When former ACR President Joseph Flood, MD, tapped Deborah Dyett Desir, MD, to volunteer for an ACR committee, he might have assumed that her preference would be to serve on the Committee on Rheumatologic Care or its Insurance Subcommittee. After all, Dr. Desir is in private practice at the Arthritis and Osteoporosis Center PC in Hamden, Conn., which she founded in 1993, and those committees could have been a good fit for her. She also serves as a clinical assistant professor of medicine at Yale, is president elect of the New Haven County Medical Association and is a member of the Finance Committee for the Connecticut State Medical Society.
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Dr. Desir’s preference, however, was to become a member of the ACR’s Government Affairs Committee (GAC). She had already participated in the ACR-sponsored Advocates for Arthritis on Capitol Hill and had lobbied the Connecticut Congressional delegation about patient care issues. She was eager to do more.
“I think, as citizens in a representative democracy, we have to be active,” she says.
Skin in the Game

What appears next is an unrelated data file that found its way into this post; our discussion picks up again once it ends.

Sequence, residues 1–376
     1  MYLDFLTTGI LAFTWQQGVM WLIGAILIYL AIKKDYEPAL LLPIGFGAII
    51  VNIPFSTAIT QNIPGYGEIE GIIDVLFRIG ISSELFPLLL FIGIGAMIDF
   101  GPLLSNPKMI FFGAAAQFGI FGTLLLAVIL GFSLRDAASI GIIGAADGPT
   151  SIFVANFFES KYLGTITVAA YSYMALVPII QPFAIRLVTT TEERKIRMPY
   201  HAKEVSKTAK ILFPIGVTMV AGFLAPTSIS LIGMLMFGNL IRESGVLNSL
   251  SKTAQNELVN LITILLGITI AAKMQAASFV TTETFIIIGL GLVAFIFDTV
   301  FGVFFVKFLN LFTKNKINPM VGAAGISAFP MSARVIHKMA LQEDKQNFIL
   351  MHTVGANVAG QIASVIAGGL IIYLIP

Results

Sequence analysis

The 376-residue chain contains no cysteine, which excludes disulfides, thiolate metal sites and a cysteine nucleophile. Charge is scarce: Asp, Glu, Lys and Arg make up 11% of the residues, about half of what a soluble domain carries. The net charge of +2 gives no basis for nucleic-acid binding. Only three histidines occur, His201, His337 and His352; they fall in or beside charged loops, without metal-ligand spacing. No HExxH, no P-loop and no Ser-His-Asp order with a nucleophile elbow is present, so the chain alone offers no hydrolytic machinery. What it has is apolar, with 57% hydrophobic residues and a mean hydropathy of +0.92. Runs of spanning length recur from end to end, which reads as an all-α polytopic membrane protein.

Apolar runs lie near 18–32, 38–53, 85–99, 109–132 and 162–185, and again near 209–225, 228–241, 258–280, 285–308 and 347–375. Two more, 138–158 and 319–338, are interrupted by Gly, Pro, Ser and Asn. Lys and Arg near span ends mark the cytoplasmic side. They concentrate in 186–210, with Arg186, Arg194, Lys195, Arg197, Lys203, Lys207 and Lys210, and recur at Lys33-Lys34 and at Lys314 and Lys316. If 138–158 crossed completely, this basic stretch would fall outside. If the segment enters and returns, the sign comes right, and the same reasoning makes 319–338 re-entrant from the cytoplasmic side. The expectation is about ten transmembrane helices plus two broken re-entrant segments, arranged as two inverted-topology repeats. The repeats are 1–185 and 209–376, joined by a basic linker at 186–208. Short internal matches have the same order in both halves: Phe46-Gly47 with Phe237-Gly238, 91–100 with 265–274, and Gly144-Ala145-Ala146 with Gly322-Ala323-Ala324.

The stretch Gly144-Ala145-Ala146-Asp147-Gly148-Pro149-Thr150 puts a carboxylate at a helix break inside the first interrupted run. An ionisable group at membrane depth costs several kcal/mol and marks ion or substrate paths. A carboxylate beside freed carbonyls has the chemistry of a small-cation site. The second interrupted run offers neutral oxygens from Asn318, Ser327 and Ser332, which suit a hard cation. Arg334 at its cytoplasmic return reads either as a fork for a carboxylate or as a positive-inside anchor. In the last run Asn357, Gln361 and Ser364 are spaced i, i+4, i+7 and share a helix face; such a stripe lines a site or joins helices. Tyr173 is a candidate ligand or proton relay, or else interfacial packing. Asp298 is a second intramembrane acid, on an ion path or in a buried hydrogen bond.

Dr. Desir has been interested, and active, in politics since childhood and says that recruiting for causes and candidates comes easy to her. To colleagues who have yet to engage in the political arena, Dr. Desir says, “It should be clearer and clearer, with pages of regulations and laws pertaining to healthcare, that we are already very much involved [in politics]. What’s happening politically affects our ability to take care of our patients.”
She encourages the physicians in her practice to donate to RheumPAC and thinks every member of the ACR should consider investing. She acknowledges that some may be concerned that RheumPAC is nonpartisan. She is herself a staunch Democrat, but supports RheumPAC because it “deals with issues, not candidates, and is very specifically talking about rheumatology patient issues.”
Where to Start?
In addition to urging rheumatologists to contribute to RheumPAC, Dr. Desir says members should start by contacting the local offices of their Congressional representatives. Physicians needn’t feel reticent to contact their local representatives to lobby for patient care issues, she says. In Dr. Desir’s experience, “Even if you are taking up a point with which [the representative doesn’t] necessarily agree, they will listen respectfully and give a thoughtful answer. Representatives want to hear from constituents, and their local staffs are happy to talk to you,” she says.